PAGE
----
I first saw him parked there on his motorcycle at the corner on Seventh Street and Verdugo Avenue. He was facing north. I was going south. I guess I didn't think the stop sign at Verdugo applied to me, so I ran it. The police officer pointed his gloved finger at me and gestured to where he wanted me to stop.
Then he wrote the ticket. My first ticket.
Driver: Donald Ray
Vehicle make: Murray Bicycle.
Place of employment: Joaquin Miller School.
Occupation: “Grammer School” (That's right, he misspelled grammar, but I must confess that I wasn't the one who caught the gaffe).
Anyway, the punishment was mandatory attendance in the basement of the Burbank police building on a Saturday morning. It was traffic school for kids. And that same motorcycle cop was in charge. Officer Joe Wilson.
Truth be told, all of us kids there were frightened when he first stood up in his motorcycle boots and stared us down.
I'll say this: we paid attention to what he had to say. And what he taught was the traffic code — the rules of the road. It was Wilson who made it clear to us that we had to obey all of the same laws that drivers of automobiles on city streets had to obey. I mean, he made it perfectly clear, or else.
OK, so I was a slow learner. I think I learned them one violation at a time.
It seems that whenever I would find it more convenient to ride on the sidewalk or to give my buddy a ride on the back of my bike, Wilson was watching me.
And he'd ticket me again. Another Saturday. Another lecture. It happened several times over the next couple of years.
I believe Officer Wilson singlehandedly taught an entire generation of young boys (and a few girls) how to drive safely — for life. It was a time when the Burbank Police Department was willing to invest in a full-time traffic officer to teach young people the rules of the road — and cite them when they broke those rules.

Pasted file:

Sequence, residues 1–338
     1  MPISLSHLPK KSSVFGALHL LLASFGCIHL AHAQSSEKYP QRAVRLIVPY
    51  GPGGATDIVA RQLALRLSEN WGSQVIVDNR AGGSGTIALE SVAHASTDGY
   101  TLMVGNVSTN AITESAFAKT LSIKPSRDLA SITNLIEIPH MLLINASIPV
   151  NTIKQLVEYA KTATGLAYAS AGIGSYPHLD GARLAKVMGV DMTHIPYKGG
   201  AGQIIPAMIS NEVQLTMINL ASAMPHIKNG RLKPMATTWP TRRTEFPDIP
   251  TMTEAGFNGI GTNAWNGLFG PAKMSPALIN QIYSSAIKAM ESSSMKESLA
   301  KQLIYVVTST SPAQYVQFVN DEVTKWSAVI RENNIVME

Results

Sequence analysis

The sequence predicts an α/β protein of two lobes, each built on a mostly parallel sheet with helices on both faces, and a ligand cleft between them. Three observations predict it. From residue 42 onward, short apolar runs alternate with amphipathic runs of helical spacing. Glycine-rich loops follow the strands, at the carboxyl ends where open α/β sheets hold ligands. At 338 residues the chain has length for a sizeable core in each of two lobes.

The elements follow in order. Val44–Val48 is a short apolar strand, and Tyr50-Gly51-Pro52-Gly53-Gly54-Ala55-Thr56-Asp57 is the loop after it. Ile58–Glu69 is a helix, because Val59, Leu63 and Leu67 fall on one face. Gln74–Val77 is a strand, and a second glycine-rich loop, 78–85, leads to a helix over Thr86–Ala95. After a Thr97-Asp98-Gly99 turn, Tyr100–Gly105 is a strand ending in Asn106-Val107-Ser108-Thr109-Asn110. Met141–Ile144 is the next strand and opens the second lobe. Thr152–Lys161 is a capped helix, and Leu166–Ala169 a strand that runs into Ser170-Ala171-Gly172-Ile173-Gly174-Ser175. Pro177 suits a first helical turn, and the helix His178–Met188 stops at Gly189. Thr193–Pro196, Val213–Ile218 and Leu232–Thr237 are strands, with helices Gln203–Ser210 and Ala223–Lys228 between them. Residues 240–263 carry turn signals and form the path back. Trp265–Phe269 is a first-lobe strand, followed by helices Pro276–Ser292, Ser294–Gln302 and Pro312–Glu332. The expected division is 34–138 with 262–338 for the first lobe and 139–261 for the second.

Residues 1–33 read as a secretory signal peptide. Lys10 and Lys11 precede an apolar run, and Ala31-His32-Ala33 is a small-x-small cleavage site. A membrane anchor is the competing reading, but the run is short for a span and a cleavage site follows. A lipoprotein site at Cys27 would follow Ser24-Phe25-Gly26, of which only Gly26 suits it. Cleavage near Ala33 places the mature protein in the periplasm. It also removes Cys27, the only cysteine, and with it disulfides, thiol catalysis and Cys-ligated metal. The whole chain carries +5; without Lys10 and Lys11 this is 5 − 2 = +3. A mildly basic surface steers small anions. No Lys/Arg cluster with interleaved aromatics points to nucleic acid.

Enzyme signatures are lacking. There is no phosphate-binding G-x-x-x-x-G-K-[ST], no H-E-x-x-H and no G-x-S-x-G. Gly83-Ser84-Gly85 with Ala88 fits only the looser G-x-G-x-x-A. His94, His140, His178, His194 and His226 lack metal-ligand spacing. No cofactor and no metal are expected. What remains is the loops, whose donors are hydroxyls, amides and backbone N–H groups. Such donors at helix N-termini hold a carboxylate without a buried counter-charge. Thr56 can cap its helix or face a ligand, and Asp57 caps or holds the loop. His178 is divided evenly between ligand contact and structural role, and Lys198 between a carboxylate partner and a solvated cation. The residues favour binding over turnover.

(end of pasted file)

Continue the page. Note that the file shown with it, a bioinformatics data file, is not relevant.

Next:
I wish they would do that today. I believe it would save lives.
There's no way to measure how many lives Wilson saved over the last 50 years. I still think of him as a hero. And I have to believe that his lessons have kept me alive for five decades.
You see, when I watch impatient people drive through stop signs in their cars, or ride their bikes on the sidewalk or speed through intersections, I think about Wilson.
And I think about the drunk driver who, on June 17, 1961, ran a red light and plowed into the police motorcycle that Wilson was driving.
I cried the next morning when I saw it in the Burbank Review.
For many years, his lone photograph was on display in the lobby of the Burbank Police Department. The last time I looked, it was still on display, but there were photos of at least two other Burbank police officers who died in the line of duty.
A few years ago, I asked for the department’s help in tracking down the wife and children of Wilson so that I could thank them for what their husband and father did for me. But I was turned down. Privacy restrictions.
Then I went through the old news clippings at the Burbank Leader (formerly the Burbank Review) and was able to get the details I needed. I pulled Wilson's death certificate at the Los Angeles County recorder's office to learn more details — details that might help me find his children.
I filed a records request with the Burbank city attorney's office. They were nonresponsive. I'm usually pretty good at finding people, but I wasn't that lucky this time around.
Maybe it wasn't meant to be.
Wilson died a day or two before Father's Day.
This past Father's Day, I honored Officer Joseph R. Wilson, 50 years later.
I believe that he cared about me the way a father would. And he cared about scores of other young Burbank kids the same way.
If somehow this message reaches his children — they'd be in their 50s now —please know that your father has surely saved countless lives, including mine.
DON RAY is a Burbank resident.